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Re: Possible bug: HASH_CMDS has no observable effect

On Sat, Sep 12, 2020 at 12:02 AM Roman Perepelitsa
<roman.perepelitsa@xxxxxxxxx> wrote:
> Do I understand it correctly that this is working as intended? It
> appears to contradict the documentation for HASH_CMDS, which states
> that commands are hashed when they are invoked for the first time.

What it really means is that commands are hashed the first time a path
search finds them.

If you have only HASH_CMDS, then "a path search finds" just the single
command you invoked.  If you tend to be using one, or a few, commands
repeatedly, and never invoke anything else, this is all you need to
avoid path search overhead for commands that exist.  It remains
"expensive" to discover that a command does not exist.

If you also have HASH_DIRS set, then "a path search finds" every entry
in every directory that is searched.  This eliminates the search
overhead for any external command you might use in the future.  In
order to avoid the expense of a useless search when for example you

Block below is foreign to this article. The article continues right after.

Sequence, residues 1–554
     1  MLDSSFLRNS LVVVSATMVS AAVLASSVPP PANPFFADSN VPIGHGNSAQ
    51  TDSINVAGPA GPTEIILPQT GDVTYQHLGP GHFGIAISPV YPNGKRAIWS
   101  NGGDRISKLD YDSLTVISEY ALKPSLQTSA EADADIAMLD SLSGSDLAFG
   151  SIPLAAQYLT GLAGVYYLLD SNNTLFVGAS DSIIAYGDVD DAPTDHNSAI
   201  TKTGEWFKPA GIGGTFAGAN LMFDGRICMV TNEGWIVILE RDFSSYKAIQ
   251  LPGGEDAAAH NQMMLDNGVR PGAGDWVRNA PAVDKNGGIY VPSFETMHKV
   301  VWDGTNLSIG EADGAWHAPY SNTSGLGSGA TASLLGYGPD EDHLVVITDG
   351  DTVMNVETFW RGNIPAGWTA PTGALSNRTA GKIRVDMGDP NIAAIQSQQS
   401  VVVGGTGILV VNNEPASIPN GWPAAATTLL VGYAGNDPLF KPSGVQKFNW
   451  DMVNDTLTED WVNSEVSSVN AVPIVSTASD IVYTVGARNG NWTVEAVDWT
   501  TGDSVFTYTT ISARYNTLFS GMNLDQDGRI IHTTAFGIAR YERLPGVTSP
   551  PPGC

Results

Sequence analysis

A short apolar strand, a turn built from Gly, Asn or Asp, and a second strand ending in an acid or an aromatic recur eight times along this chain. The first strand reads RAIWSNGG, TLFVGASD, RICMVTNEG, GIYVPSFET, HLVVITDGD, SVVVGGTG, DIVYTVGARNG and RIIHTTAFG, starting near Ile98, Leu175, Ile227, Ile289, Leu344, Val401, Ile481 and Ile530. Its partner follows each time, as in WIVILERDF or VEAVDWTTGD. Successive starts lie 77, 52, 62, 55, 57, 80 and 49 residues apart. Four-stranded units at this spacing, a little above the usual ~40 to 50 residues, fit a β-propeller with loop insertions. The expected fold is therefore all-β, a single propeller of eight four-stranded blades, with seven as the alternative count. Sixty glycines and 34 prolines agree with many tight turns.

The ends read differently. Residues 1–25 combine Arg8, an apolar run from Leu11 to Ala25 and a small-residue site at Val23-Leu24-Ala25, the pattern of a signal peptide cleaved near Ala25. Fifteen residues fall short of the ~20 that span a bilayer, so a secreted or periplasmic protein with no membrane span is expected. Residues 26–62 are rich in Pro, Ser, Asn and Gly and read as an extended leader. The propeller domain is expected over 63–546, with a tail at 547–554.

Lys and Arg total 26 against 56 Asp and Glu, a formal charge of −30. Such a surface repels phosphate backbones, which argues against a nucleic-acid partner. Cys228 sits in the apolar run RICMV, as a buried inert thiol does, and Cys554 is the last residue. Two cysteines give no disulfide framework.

make a typo, the assumption is made that if the command is not already
in the cache then it must not be in any part of the path that has
previously been searched.  The whole search-and-cache process is

This really is the intended behavior, because for most people most of
the time new commands do not appear in the path during a shell
session.  It's also the reason that HASH_EXECUTABLES_ONLY eventually
got added, because the "every entry in every directory" part tends to
be too aggressive for some path elements.

Historically, HASH_CMDS predates HASH_DIRS by several years, and the
documentation for the former still uses the wording that encompassed
that state.

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